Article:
…fatale monstrum. Quae generosius
perire quaerens nec muliebriter
expavit ensem nec latentis
classe cita reparavit oras,
ausa et iacentem visere regiam 25
voltu sereno, fortis et asperas
tractare serpentes, ut atrum
corpore combiberet uenenum,
deliberata morte ferocior;
saevis Liburnis scilicet invidens 30
privata deduci superbo
non humilis mulier triumpho.
The final three stanzas of Horace’s ode celebrating the fall of Cleopatra are in contrast with the previous denouncements of the enemy and praise of the victor. The atmosphere of these last three stanzas takes on an honorable sound, painting Cleopatra as a worthy adversary. Horace achieves this dramatic shift in tone through the adept use of meter and word placement. This shift leaves the reader with thoughts to ponder: is Horace commending the unnamed queen or, rather, painting her as an admirable, yet dangerous, foe?
The meter drives the effects of these last stanzas. The Alcaic Strophe provides for four lines in each stanza with the first and second lines each pivoting on a caesura. The third line emphasizes three long syllables in the center of the line, while the fourth line reads moderately fast compared to the other three. The first pronounced used of the meter in this selection occurs in “fatale monstrum. Quae generosius” The caesura occurs immediately following monstrum and is marked by a period signifying a major shift in the speaker’s tone. This “doomed monster” may still be doomed, but she has a choice as to how her situation will end. In line 21, she decides to end her life generosius, not as the dove or the hare depicted in lines 17-20. Immediately following in line 22, the caesura marks emphasis on nec muliebriter. The queen handles her death as a man would: neither fearing the dagger, nor seeking escape (nec muliebriter / expavit ensem nec latentis). Poetically ensem nec (l. 23) occupies a metrically significant position; the meter slows down with added emphasis. Although not grammatically connected, the juxtaposition of ensem and nec visually and aurally accents Cleopatra’s masculine actions. Cleopatra is not the frenzied woman in the lines above; reason rules her now. The theme continues in line 26, where the caesura marks the divide between sereno and fortis. Unlike the common perception that women are ruled by their emotions, Cleopatra is painted as serene when viewing her razed kingdom and brave in her choice of death, serpentes (l. 27), which holds the same pivotal position as ensem nec (l. 23). Deliberata continues the thought of a strong Cleopatra. Occupying the first half of line 29 and marked by the pause of the caesura, it shows that the queen rationally reflected on her options and chose the path any true Roman man would have chosen. The emphasis placed by the meter suggests not an effeminate character but one who acts with more masculine traits – one who makes rational decisions without trepidation.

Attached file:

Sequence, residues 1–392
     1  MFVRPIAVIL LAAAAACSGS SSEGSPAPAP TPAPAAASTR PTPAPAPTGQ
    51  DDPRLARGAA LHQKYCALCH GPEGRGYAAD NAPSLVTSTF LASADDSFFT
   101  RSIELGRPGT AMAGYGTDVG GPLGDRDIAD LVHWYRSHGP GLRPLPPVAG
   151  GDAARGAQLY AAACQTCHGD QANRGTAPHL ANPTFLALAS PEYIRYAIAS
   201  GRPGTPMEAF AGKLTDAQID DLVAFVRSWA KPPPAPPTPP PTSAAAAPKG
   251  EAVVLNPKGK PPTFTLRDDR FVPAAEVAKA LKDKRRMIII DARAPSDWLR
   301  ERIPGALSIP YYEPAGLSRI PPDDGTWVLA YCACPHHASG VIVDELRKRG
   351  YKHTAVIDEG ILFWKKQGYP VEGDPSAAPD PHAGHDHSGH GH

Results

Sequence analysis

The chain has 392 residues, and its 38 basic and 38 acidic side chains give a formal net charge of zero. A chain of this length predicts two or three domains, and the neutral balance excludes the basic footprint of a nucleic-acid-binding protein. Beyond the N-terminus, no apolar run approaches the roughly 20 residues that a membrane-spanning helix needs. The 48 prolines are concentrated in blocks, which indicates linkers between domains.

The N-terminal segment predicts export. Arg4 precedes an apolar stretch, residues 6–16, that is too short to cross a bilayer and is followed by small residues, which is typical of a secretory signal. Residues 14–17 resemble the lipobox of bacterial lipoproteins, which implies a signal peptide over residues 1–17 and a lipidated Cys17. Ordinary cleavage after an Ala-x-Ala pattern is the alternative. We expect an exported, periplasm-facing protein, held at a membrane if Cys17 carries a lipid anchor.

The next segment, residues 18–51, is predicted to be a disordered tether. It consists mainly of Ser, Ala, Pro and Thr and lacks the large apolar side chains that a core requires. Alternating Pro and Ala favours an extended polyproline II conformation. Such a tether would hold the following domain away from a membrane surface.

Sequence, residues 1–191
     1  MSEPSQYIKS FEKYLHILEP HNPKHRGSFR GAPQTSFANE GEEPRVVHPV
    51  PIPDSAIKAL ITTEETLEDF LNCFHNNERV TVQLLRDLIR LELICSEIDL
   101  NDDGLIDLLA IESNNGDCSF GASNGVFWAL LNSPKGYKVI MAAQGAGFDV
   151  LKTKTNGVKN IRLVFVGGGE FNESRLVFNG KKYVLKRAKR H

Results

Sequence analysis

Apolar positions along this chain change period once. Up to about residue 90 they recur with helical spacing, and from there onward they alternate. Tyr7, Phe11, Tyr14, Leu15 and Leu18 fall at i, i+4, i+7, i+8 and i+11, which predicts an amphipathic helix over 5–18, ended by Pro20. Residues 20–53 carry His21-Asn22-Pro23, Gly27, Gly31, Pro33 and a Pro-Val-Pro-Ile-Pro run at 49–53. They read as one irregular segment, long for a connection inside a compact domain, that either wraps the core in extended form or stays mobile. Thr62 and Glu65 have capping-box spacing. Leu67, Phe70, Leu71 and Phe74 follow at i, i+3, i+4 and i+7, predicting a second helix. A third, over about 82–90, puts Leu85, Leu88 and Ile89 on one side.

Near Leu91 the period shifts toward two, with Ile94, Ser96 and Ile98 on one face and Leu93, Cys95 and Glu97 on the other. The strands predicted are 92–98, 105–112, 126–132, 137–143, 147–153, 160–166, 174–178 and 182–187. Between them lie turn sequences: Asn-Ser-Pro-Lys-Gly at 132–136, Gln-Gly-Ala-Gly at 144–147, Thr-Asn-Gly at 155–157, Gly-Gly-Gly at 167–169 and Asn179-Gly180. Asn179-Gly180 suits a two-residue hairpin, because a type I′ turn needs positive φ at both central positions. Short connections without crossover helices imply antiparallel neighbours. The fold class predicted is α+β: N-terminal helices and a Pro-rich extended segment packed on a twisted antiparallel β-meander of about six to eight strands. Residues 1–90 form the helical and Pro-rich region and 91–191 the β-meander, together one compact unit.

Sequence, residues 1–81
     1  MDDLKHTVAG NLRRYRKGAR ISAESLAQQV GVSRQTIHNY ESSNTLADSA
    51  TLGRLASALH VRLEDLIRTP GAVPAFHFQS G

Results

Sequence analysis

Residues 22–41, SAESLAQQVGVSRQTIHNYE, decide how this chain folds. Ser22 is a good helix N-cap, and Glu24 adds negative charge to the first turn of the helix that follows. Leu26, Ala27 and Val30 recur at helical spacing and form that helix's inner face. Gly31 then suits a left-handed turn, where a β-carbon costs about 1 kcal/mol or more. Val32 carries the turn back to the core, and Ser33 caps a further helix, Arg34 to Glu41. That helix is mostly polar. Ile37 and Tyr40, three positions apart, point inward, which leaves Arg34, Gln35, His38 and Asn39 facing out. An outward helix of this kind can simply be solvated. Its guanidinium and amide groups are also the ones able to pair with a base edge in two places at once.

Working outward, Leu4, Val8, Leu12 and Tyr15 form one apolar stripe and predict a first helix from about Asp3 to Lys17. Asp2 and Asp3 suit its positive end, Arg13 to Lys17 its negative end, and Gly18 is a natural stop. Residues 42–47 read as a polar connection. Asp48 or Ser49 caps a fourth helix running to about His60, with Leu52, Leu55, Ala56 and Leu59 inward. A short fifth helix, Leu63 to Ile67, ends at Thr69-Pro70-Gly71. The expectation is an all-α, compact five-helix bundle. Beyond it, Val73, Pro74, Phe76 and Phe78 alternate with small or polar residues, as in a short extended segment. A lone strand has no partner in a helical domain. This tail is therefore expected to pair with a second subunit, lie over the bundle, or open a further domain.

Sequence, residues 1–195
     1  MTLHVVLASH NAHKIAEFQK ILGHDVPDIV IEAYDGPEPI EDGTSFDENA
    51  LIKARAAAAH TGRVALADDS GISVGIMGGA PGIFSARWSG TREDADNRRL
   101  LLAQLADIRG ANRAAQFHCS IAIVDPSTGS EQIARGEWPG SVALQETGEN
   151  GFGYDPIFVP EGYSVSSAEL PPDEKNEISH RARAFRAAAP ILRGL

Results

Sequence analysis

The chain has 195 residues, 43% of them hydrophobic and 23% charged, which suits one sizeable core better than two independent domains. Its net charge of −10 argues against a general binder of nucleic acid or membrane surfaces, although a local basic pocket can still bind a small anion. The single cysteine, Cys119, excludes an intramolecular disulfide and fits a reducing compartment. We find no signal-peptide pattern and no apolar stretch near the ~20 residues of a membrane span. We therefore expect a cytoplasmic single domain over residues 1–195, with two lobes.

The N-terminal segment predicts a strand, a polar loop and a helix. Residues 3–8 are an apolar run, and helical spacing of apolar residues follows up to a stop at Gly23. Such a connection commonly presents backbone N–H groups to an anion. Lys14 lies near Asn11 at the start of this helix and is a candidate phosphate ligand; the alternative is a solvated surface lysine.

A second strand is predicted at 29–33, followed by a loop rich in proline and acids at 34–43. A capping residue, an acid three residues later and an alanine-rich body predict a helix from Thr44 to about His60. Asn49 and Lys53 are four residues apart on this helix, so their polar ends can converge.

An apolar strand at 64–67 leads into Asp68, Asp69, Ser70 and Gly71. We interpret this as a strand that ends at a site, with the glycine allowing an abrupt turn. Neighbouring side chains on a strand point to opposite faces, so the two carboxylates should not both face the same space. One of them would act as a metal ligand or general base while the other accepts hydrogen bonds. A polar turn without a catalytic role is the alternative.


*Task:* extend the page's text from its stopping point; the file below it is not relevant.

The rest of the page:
A second significant aspect of the poem is Horace’s word placement. The first example is a form of poetical chiasmus in the structure of line 21. This arrangement uniquely contrasts the “doomed monster” to her “nobler” death. This effect links the previous thought of Augustus bringing Cleopatra to Rome in chains to the fact that Cleopatra still has a choice as to her own fate. Cleopatra may seek a nobler way out, but the deep connection of the construction insists that she still is a monster to be feared by the Roman people. The second example, in line 31, pivots on the only passive infinitive in the poem, deduci. Cleopatra is to be led down deprived of her regal position, privata, but she is still non humilis mulier – willing to stand up to men. The placement of triumpho in the last line cannot be read connected with Cleopatra; rather the last word of the poem should be read with Augustus in mind. He has proudly triumphed over the non humilis queen seeking to destroy Rome.
Horace attacks Cleopatra throughout the poem, except for the last three stanzas. This should not lead the reader to confirm that Horace has gone soft on Cleopatra and praises her as a martyr. By improving her status in the last three stanzas, Horace improves her stance as the conquest of Augustus. Cleopatra’s only noble action is dying as a Roman would. Looking on her burning city is only a desperate acceptance of reality. She took the chance to challenge the princeps of the greatest city and failed; her only hope is to view reality for what it is. Does Horace attempt to make the reader empathize with Cleopatra? The answer is no. She made her choice and lost. Does he seek to paint her as an admirable opponent? The answer is yes. A noble warrior always seeks to fight the greatest champion in battle to gain the greatest honor; Horace portrays Augustus to be the nobler of warriors.